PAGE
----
ANALYSIS – A new High Representative in Bosnia?
Peace in Bosnia and Herzegovina is once again in hands of countries that saw violence of 1990s as a 'humanitarian' issue and pursued policies of 'containment' in face of genocidal violence
*Dr. Emir Suljagic is the Director of the Srebrenica Memorial Center. A part-time lecturer at the International Relations Department of the International University of Sarajevo (IUS), Dr. Suljagić is also the author of two books: “Ethnic Cleansing: Politics, Policy, Violence - Serb Ethnic Cleansing Campaign in former Yugoslavia” and “Postcards from the Grave”
*Reuf Bajrovic is a former Minister of Energy in the Federation of Bosnia and Herzegovina and currently the Co-chair of US-Europe Alliance, a Washington-based think tank.
Many in Bosnia were shell-shocked when the investigative news-portal Istraga published an article in the final week of 2020 claiming that Germany was working on replacing Valentin Inzko, the Austrian High Representative in Bosnia and Herzegovina (BiH). The Office of High Representative was established under the Dayton Peace Accords to oversee the “civilian implementation” of the peace agreement. The most powerful international institution in BiH, the OHR has played a prominent role in the process of institution-building in BiH in the recent past. However, since the beginning of Angela Merkel’s chancellorship, the role of the OHR has been largely relegated to expressing public concern over the increasingly audacious attempts by Serb separatists and Croat politicians to undermine the peace and stability of the country.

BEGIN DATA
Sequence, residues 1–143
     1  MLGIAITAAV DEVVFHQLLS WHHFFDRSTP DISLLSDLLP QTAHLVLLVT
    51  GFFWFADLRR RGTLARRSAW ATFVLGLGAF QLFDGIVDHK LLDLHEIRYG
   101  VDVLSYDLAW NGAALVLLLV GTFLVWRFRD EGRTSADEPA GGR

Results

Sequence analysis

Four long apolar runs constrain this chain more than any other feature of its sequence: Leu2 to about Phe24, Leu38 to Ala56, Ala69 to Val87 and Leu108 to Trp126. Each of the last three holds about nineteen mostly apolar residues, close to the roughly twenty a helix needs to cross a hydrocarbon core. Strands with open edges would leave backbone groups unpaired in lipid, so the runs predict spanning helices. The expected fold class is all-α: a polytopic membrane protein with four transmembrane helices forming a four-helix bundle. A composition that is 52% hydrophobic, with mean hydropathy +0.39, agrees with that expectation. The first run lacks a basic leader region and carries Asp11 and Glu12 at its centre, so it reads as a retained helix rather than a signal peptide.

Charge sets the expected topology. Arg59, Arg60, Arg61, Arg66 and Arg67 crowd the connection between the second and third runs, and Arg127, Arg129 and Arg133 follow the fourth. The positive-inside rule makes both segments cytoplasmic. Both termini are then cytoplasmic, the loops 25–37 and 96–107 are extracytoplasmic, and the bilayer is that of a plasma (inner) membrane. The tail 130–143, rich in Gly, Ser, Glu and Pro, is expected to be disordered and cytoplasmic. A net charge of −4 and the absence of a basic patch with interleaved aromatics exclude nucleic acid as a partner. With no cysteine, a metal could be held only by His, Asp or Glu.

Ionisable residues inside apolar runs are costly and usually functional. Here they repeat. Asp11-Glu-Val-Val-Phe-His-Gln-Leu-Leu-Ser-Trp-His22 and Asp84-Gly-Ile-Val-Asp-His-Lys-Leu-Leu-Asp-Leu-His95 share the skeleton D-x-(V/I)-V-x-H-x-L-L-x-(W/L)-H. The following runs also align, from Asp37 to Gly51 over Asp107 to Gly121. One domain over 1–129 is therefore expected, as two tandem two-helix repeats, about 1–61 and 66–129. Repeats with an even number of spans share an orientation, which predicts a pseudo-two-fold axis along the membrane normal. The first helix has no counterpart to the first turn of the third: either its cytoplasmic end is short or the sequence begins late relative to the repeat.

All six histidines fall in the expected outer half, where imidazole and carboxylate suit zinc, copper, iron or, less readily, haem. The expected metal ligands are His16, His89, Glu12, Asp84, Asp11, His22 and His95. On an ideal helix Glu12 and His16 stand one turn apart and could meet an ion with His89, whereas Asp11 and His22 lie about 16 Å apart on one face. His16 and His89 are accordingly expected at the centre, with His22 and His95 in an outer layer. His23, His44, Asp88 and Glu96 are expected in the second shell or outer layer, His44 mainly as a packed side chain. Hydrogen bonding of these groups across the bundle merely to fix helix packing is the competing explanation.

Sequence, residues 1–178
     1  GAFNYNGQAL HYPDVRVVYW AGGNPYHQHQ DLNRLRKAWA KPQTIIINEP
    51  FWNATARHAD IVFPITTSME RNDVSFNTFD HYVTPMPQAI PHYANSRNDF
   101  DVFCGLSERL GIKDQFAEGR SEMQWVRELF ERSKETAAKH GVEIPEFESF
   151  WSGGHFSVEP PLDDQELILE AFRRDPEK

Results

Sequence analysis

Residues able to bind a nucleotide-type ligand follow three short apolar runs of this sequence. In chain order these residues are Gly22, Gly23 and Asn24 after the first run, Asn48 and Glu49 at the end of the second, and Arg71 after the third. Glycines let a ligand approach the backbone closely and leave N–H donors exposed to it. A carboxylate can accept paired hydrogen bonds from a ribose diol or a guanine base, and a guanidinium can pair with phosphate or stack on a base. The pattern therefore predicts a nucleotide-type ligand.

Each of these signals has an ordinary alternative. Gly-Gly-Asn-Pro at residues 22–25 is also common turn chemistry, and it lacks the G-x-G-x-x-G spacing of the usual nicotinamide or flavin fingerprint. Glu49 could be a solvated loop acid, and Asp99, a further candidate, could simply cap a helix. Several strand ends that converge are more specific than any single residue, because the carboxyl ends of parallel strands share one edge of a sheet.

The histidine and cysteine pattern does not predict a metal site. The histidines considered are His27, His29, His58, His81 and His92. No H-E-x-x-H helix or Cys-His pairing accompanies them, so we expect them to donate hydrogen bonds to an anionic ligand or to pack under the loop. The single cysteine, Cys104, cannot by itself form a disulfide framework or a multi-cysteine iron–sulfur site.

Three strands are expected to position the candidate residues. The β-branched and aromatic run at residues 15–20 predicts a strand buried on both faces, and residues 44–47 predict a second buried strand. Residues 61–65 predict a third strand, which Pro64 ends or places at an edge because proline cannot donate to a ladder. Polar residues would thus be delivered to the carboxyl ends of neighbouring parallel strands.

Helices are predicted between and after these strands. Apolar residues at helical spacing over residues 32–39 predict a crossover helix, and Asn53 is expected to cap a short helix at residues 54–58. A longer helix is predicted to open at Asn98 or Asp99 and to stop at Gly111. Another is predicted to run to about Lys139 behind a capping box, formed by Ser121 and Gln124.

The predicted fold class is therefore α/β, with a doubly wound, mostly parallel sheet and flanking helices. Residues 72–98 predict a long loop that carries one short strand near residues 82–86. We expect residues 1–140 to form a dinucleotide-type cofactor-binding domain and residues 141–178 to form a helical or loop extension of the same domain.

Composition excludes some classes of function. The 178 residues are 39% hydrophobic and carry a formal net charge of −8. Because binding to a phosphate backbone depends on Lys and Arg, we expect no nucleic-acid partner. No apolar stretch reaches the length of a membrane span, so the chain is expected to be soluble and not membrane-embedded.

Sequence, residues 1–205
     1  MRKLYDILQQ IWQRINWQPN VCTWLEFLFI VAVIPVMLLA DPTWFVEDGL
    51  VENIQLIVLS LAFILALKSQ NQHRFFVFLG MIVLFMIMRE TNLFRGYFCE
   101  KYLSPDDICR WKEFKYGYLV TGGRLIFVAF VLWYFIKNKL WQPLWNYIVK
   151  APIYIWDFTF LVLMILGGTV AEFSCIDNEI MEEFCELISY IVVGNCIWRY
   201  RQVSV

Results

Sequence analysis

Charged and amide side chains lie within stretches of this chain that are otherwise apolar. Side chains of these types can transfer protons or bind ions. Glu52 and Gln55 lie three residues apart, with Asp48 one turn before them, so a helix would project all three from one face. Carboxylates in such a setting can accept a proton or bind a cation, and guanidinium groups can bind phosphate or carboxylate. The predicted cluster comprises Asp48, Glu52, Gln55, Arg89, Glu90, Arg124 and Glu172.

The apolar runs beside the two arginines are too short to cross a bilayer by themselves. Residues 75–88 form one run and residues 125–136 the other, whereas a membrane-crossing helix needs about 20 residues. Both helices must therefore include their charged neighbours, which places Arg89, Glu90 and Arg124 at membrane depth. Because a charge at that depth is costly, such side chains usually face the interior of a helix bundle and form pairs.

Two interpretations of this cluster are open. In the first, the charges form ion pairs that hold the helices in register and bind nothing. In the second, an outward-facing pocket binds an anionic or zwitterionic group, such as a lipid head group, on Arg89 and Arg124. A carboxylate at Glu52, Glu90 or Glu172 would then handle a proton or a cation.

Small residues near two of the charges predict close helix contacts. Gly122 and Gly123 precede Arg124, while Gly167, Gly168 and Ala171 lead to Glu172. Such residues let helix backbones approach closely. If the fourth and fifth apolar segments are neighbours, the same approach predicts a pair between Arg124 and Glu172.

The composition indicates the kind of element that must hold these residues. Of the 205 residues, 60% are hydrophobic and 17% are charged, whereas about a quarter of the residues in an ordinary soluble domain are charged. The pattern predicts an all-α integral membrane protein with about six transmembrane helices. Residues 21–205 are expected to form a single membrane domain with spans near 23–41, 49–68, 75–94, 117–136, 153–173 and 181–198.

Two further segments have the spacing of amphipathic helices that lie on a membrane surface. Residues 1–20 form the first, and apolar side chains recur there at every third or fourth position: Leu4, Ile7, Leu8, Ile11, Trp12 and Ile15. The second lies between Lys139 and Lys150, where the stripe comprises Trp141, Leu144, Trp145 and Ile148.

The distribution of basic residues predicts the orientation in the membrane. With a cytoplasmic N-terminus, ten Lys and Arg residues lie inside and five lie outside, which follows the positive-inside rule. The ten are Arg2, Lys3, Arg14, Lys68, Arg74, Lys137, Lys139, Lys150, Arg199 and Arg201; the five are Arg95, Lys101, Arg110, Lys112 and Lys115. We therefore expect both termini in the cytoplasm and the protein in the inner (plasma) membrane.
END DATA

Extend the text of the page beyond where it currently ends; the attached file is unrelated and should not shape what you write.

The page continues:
The recent news was dumbfounding for a number of reasons. Firstly, it was obvious that Germany was working behind the backs of the other NATO and EU members of the Quint (an informal group of NATO members, including the US, the UK, France, and Italy), to highjack EU policy in the region. Secondly and more importantly, it was revealed that Germany had struck a separate deal with Russia in order to obtain the country’s approval to appoint a new High Representative. As Russian officials have worked to undermine the credibility of the OHR for more than a decade, repeatedly calling for its closure, just what sort of quid pro quo such a deal might entail is certainly troubling. To add insult to injury, the deal was revealed on the heels of a recent controversial visit to BiH by Russian Foreign Minister Sergey Lavrov. Finally, Christian Schmidt, the man slated to be the new High Representative, seems a dubious choice to many. In addition to being labeled a Russland-Versteher (literally, “Russia-understander”), he has strong links to the ruling Croat nationalist parties in both Croatia and BiH. In fact, as a German official, he was awarded the “Order of Ante Starčević” – a Croatian state honor previously bestowed upon political and military figures, some of whom were found guilty of crimes against humanity by the International Criminal Tribunal in the former Yugoslavia (ICTY).